Plotting Revenge Against a Judge

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Despite the fact that he actually wrote a check for a "down payment" on the $10,000 hit he commissioned against one of the judges, Dudas claims he never intended to carry out his threats. Experts say that's one of the hardest things for law enforcement to determine: When is someone just a big talker and when are they a real threat?

'Howlers Howl and Hunters Hunt'

Security Expert Frederick Calhoun, who worked for the U.S. Marshals, said there's a clear distinction: "Howlers howl and hunters hunt. There are differences in behavior. Hunters engage in attack-related behaviors. Howlers do not. They simply howl. They communicate#0133 these are people who get angry, start communicating with the judiciary, send threats. They try to disturb or frighten the judicial official, but they never go beyond that."

Calhoun, who has studied violence against judges, said that far more dangerous than the howlers are the "hunters" -- such as Joseph Sands, who plotted against Cicconetti.

"He was a hunter," Calhoun said. "He had a grievance. He feared that the judge and the mayor and the chief of police were going to go after him for municipal tax evasion… he researched the targets' homes. He drove by the judge's house. He surveilled it. He found out where the mayor and the police chief lived. All with the idea of collecting information on how best to attack them."

The revenge plot hatched by Dawn Holin and Joseph Sands was not just a daydream -- it was a meticulous plan caught on tape. But in their blind drive for vengeance this not-so-wily couple made a crucial mistake: They enlisted the help of a friend, who then informed police.

'Street Justice'

For two weeks, police monitored the duo's every move. By day, hidden surveillance cameras caught Sands and the informant on tape as they shopped for bomb components at the hardware store. By night, police listened in as they drove by Cicconetti's home to scout exactly how they would throw the bomb into the house as Cicconetti and his family slept.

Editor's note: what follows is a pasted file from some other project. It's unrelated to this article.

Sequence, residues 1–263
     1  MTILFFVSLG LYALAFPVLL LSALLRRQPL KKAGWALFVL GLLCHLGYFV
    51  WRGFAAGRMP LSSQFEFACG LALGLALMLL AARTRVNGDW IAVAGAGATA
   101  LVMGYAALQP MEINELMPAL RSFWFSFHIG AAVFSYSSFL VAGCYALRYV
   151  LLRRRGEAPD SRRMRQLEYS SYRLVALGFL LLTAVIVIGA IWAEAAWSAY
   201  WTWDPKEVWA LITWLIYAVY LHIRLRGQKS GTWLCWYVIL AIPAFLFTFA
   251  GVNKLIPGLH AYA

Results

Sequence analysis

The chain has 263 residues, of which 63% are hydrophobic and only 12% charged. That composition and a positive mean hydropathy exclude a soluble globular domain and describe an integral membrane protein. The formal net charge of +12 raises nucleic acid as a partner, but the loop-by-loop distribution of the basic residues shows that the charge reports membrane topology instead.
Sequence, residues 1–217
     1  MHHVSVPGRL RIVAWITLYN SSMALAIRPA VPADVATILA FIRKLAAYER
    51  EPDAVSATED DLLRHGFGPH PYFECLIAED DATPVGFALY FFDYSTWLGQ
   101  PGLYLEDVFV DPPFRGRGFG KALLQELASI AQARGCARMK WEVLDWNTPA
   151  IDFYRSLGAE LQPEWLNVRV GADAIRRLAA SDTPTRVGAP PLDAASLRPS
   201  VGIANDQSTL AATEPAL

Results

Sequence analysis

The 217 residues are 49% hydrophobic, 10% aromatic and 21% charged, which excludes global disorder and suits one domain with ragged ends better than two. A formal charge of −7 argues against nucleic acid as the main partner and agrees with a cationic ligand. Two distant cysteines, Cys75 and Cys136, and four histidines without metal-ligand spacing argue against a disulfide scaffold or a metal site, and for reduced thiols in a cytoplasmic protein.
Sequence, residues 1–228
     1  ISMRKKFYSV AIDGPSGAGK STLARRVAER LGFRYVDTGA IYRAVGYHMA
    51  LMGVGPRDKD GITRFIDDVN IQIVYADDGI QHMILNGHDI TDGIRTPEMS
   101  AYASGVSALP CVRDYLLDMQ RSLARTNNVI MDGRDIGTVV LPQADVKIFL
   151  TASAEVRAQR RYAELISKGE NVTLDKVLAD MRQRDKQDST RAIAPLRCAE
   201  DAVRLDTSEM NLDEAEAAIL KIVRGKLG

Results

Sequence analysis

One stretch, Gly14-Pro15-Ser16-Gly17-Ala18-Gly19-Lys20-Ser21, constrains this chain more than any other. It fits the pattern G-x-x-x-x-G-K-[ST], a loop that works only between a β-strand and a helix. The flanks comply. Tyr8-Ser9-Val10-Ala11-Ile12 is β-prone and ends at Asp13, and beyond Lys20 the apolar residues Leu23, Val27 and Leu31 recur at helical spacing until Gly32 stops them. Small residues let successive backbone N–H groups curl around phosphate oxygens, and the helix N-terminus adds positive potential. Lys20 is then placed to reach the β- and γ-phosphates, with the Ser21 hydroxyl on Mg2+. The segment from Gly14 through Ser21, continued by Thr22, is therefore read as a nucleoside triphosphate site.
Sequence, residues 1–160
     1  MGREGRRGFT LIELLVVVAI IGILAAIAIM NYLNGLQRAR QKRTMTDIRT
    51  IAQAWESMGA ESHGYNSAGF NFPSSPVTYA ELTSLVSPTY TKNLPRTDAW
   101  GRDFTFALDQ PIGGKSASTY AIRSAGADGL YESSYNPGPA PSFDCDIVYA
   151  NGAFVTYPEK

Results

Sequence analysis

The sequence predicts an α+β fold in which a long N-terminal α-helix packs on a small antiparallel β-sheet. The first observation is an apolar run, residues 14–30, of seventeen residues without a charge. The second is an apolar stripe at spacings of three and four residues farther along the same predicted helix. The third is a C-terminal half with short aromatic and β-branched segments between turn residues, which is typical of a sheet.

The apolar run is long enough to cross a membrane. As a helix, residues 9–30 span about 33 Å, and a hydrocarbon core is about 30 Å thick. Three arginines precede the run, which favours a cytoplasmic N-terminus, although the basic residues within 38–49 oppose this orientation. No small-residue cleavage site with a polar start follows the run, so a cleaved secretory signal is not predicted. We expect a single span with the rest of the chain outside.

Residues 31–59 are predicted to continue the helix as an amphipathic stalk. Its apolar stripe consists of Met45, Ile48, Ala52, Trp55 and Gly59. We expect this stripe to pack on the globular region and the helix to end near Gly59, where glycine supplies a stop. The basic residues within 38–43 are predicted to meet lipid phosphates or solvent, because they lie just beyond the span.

In conversations secretly recorded by the informant, Sands dispassionately referred to the judge's children as "casualties of war."

"The kids are gonna die with him," Sands said on tape. "That's called victims of the situation he created. That's called street justice, man…" (Click here to listen to more of the tape).

"The coldness of that is still, to this day…is what stays with me," Cicconetti said. "Had this plan unfolded in the way that they intended it to be unfolded, then you would have had a whole family of deceased people, myself and my wife and my two boys."

'There's a Little Bit of Fear Back There'

Sands and Holin were nabbed moments after they purchased the last element to complete the bomb: the fuse. They were convicted of conspiracy to commit murder and sentenced to 20 and 10 years respectively. They are currently facing related weapons charges in a federal trial.

As for Cicconetti, he admits he has lost some of the small-town innocence he once treasured.

"No question, it took a part of that away from me," he said. "Do I still do the things that I used to do? Yeah. Socially, do I still bowl with the guys that I bowled with for 36 years on Monday night? Yes, I still do…Is there something more back there now? Um, yeah, there's a little bit of fear back there. I may be less than truthful if I didn't admit that to you."

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